Presented as a peaceful power for the past decade, China is now seen as a potential military aggressor by many. Amid the tug of economic and political interests, China keeps rising.
BEIJING — Here lies the vision of China"s peaceful rise. It is a concept first put forward in 2003 by Chinese authorities as the country was gradually reinforcing its role in international affairs.
But this concept comes with many layers: Even while China is exporting its products all over the world, Beijing explains that it has no hegemonic ambitions. So what happens when we try to convince ourselves of the good faith behind the term "Peaceful Rise?" Can China be a superpower that is fundamentally unintrusive, and not a threat for its neighbors?
What we must remember is that modern China did have wars, with India in 1962 and with Vietnam in 1979. Much of that has been quietly tucked under the proverbial rug, as the history has in some ways been whitewashed.
But in 2014, there is no more hiding under that rug. The so-called "Chinese Dream" that President Xi Jinping invokes regularly seems to be an empty shell, while the country takes significant steps forward on the military front.
Of course, the territorial disputes between China and neighboring countries are not new, but the attitude of Beijing has totally changed over the past few years. While policy in the past was guided by prudence and a desire to maintain the status quo, Beijing now feels more confident to play the role of a "troublemaker" in the neighborhood.
This scenario is only partially true when it comes to the standoff with Japan. The origin of the story is that Japan intended to nationalize the Senkaku Archipelago (called Diaoyu by the Chinese) to complete infrastructure projects, pushing China into a confrontation. It's also true that Japan’s historical revisionism won't help relieve the tension in the region.
But ultimately the problem is that the Chinese government is contesting the status quo on the Senkaku-Diaoyu Archipelago, which is currently under Japanese authority. Recently, Chinese fighter planes have approached their Japanese counterparts, a dangerous act of military provocation.
It is difficult to judge the legitimacy of these territorial claims, from both China and from other countries. Indeed, China's maritime policy is hindered by a vast string of disputed islands that limit its military operation. Especially when seen in comparison with the U.S. — the master of the two oceans — the disputes in the China Sea are seen as a weak link of Chinese military capability, and the resulting limitations are a source of frustration.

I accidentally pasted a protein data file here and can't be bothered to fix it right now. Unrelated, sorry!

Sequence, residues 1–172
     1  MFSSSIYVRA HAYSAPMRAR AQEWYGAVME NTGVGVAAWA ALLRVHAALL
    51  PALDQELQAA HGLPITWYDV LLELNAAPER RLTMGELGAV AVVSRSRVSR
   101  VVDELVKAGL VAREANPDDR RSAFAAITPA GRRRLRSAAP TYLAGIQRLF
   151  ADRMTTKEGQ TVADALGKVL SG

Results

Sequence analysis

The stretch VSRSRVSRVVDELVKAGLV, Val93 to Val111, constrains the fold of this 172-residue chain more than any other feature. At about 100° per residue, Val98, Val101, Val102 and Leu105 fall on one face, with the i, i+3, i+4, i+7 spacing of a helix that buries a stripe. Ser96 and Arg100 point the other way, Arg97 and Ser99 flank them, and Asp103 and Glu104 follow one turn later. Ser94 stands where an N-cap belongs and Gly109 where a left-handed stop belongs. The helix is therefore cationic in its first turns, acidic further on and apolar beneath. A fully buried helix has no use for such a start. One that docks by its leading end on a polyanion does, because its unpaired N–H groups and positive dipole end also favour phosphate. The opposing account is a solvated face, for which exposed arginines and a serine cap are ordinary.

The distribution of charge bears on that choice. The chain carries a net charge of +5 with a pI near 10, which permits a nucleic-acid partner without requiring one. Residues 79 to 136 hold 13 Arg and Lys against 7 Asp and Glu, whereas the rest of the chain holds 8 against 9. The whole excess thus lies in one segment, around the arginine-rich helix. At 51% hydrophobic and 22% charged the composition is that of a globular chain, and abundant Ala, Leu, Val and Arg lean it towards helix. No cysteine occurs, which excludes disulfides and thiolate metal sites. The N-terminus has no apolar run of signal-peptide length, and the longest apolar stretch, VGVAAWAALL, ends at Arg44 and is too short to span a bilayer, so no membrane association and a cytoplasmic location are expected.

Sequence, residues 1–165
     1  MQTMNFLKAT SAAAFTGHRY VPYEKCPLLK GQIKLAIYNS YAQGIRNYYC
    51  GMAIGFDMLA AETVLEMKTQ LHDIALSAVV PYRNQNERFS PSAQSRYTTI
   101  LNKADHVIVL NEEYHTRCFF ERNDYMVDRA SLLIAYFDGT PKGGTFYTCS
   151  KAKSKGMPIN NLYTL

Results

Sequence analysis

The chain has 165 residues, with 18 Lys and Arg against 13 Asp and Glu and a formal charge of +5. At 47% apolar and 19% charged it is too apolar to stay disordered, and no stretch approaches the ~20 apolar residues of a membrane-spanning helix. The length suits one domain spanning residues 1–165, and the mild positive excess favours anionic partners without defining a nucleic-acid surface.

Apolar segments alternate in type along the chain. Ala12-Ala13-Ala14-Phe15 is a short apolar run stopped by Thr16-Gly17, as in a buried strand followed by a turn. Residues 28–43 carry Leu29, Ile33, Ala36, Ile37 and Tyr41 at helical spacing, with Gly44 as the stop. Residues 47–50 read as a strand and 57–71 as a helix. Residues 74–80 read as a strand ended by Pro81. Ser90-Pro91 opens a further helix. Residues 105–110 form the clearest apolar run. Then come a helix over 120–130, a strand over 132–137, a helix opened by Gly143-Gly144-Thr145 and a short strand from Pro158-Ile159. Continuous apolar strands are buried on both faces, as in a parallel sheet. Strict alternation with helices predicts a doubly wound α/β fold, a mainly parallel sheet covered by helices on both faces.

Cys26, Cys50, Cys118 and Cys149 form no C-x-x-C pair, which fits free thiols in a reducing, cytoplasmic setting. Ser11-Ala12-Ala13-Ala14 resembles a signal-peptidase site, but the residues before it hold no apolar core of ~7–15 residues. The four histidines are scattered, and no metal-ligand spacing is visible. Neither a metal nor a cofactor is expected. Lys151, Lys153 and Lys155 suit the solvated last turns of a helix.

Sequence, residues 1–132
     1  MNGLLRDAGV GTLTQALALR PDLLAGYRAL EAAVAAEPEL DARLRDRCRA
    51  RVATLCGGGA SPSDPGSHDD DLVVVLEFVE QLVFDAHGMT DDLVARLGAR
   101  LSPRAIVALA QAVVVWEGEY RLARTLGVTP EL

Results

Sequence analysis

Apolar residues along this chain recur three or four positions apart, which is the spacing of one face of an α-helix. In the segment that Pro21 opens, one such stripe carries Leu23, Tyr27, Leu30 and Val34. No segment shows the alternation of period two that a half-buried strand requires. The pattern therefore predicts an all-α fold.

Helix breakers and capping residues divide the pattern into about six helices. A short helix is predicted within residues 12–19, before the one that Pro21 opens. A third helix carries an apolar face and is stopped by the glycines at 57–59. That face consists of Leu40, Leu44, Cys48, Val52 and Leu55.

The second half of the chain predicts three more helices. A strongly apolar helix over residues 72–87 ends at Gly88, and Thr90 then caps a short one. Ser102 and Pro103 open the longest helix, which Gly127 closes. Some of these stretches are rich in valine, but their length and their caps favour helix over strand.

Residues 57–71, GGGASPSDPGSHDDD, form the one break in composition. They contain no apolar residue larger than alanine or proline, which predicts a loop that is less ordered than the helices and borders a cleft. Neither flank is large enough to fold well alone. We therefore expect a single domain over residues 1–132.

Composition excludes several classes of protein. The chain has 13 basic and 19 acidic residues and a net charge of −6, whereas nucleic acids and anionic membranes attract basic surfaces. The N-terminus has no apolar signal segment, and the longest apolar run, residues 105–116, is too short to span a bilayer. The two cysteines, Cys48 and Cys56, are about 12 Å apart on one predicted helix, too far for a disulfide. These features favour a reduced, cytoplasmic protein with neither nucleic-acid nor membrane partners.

But the real change at hand involves the broader question of Chinese diplomacy. Presented as a peaceful power for more than five years, China has now become a potential aggressor in the eyes of its neighbors. This risks undermining the global reputation it has worked hard to achieve as a peaceful power.
Public relations experts know that a high-quality brand must be created over time, but a bad image can ruin it all in a very short time. And this is also true for a country trying to build its reputation on the global stage.
China realizes the importance of soft power in order to compete with the image of the American Dream: It invests a great deal in its Confucius Institutes of culture and higher learning around the world, and expands its media influence as well.
But despite its continued attempts at "Panda Diplomacy," the message it sends to its closest neighbors mainly provokes fear. The fallout is already visible: Southeast Asian countries are beginning to form a common front, while Japan seizes the opportunity to play the role of an "elder brother" of the region, including a recent announcement of the delivery of several naval vessels to Vietnam.
If China really wants to develop its soft power, and refine its seduction strategy, it should not only change its attitude completely, but also develop a more mature diplomacy able to match its ambitions in international affairs.
Right now, all China’s diplomatic efforts are guided by a policy of total non-interference, which reflects complete indifference towards anything that doesn’t directly concern China. Soft power requires engagement and a subtle touch indeed.